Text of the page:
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SALTWATER: THE BATTLE FOR RAMREE ISLAND (2021) Review of crocodile horror

Saltwater: The Battle for Ramree Island is a 2021 British action horror film about a band of soldiers facing off against a deadly crocodile.

Written and directed by Steve Lawson (Ripper UntoldBram Stoker’s Van HelsingThe Haunting of AlcatrazPentagramThe Exorcism of Karen WalkerHellriserKillerSaurus).

The movie stars Charlie Bond (Powertool Cheerleaders vs the Boyband of the Screeching DeadPandamoniumHellriser), Steven Dolton (The Exorcism of Karen WalkerHellriserKillerSaurusThe Curse of RobertNocturnal Activity), Ryan Harvey, David Hon Ma Chu (PandamoniumSlasher House 2 and 3), Glenn Salvage (13 Graves; Soldier of WarThe Dead) and Jas Steven Singh (The Ashcroft Entity aka Unholy).


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A band of soldiers in search of a secret Japanese ammunition store face off against deadly saltwater crocodiles in the swamps of Ramree Island. Inspired by actual events during World War II.


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4Digital Media has released Saltwater: The Battle for Ramree Island in the USA on DVD and On-Demand.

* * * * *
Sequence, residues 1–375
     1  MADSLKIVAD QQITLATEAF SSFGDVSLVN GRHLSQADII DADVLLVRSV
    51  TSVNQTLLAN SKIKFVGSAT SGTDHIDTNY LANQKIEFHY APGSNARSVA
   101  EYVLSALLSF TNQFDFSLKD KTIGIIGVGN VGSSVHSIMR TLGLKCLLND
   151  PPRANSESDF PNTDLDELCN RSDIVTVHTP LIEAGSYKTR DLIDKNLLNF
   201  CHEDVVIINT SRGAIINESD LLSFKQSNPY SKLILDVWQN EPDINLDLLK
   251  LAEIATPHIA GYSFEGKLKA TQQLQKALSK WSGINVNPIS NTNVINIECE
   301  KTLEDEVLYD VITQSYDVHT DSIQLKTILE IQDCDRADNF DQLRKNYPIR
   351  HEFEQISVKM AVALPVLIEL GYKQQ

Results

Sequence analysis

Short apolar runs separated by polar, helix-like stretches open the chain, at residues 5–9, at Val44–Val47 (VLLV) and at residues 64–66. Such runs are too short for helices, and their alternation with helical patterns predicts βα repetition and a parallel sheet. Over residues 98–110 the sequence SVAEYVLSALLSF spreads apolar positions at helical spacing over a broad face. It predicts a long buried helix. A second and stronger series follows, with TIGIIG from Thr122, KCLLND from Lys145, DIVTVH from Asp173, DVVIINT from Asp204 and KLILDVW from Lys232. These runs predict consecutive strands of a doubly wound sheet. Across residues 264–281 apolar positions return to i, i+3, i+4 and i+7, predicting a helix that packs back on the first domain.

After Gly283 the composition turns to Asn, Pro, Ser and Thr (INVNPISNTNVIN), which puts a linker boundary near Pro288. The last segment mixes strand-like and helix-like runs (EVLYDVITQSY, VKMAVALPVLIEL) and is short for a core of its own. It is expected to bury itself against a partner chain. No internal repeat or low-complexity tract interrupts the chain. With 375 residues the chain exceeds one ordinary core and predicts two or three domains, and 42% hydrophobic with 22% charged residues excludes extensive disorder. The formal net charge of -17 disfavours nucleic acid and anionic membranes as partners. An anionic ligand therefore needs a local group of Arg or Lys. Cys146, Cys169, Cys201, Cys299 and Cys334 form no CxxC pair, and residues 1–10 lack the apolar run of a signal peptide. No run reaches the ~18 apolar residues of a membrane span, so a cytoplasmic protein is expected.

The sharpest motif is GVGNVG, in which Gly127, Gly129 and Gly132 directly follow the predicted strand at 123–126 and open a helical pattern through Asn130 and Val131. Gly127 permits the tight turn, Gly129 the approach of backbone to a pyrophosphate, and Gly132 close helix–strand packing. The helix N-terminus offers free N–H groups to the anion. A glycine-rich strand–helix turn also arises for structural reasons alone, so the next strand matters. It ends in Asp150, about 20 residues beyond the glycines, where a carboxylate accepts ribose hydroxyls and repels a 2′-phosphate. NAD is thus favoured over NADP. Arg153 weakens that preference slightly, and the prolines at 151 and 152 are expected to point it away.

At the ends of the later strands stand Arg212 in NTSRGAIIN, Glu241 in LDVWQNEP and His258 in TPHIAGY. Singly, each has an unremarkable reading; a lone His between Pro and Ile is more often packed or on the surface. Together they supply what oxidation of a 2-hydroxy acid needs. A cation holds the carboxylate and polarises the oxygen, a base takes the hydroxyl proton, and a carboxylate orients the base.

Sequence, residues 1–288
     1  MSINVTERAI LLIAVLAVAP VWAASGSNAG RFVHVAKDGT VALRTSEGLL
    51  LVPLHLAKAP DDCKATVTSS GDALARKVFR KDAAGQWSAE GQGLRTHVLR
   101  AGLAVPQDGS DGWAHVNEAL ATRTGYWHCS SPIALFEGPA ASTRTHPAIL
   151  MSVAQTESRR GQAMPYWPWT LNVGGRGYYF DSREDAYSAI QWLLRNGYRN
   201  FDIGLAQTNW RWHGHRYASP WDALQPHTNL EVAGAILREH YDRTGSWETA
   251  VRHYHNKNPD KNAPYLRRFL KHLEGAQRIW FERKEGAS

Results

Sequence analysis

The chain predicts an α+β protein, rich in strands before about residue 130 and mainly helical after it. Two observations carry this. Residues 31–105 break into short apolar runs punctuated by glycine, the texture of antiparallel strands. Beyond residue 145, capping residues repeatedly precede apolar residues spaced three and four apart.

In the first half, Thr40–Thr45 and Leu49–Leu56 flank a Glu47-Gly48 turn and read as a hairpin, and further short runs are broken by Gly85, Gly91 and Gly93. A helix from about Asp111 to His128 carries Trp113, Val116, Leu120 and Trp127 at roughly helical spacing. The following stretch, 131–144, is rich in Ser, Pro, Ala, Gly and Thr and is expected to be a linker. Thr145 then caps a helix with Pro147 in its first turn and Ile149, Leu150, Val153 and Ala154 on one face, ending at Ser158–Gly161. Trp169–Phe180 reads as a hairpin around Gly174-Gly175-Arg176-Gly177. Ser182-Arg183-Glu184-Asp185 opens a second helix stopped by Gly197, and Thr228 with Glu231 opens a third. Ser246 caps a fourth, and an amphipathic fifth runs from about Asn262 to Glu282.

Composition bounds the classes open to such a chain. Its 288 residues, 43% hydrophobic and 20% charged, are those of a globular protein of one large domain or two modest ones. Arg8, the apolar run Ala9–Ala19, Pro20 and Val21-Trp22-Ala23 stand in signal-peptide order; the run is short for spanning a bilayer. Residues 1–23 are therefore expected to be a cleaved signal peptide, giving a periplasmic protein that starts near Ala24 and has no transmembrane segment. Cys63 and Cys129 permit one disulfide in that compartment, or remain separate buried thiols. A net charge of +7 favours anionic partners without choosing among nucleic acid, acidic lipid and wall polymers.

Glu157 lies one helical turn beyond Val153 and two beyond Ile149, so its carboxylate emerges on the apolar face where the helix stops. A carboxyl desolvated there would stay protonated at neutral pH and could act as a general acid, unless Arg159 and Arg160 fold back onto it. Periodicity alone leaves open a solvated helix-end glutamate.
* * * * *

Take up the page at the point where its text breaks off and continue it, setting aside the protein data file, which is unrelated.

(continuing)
Reviews [click links to read more]:

“Most of the footage of the crocodiles is fairly obvious stock footage with what looks like some kind of an animatronic, or more likely a puppet, head for scenes of someone getting bitten. But with a main cast of four and only three Japanese soldiers to be seen, there aren’t many of those […] To its credit Saltwater: The Battle for Ramree Island does try to make a few points about colonialism and racism. Unfortunately, it tends to be a bit heavy-handed and preachy about it.” Voices from the Balcony

Cast and characters:

Charlie Bond … Olive
Steven Dolton … Sgt. Turner
Ryan Harvey … Pike
David Hon Ma Chu … Soldier
Glenn Salvage … Harris
Jas Steven Singh … Singh

Technical details:

82 minutes

Fun facts:

Ramree Island (Yangbye Kywan) lies off the Burma coast, 110 km (70 mi) south of Akyab (now Sittwe). The island had been captured by the Imperial Japanese Army in early 1942, during the invasion of Burma.

In January 1945, the Allies invaded Ramree and Cheduba Island nearby, to establish airbases for the supply of the mainland campaign. There are reports of Japanese soldiers being eaten by saltwater crocodiles in the inland mangrove swamps; the Guinness Book of World Records has listed it as “worst crocodile disaster in the world” and “most number of fatalities in a crocodile attack” but scientists and historians have dismissed this as implausible.